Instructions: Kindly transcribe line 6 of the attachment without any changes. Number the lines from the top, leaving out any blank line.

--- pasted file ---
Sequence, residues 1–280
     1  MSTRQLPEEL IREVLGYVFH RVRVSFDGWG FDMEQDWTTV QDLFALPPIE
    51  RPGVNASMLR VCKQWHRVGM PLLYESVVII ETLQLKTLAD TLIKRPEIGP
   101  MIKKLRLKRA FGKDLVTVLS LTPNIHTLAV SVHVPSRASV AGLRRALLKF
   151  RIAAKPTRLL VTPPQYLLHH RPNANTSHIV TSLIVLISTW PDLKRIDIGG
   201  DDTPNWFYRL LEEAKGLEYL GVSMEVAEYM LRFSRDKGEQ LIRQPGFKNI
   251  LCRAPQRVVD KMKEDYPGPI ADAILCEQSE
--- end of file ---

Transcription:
   201  DDTPNWFYRL LEEAKGLEYL GVSMEVAEYM LRFSRDKGEQ LIRQPGFKNI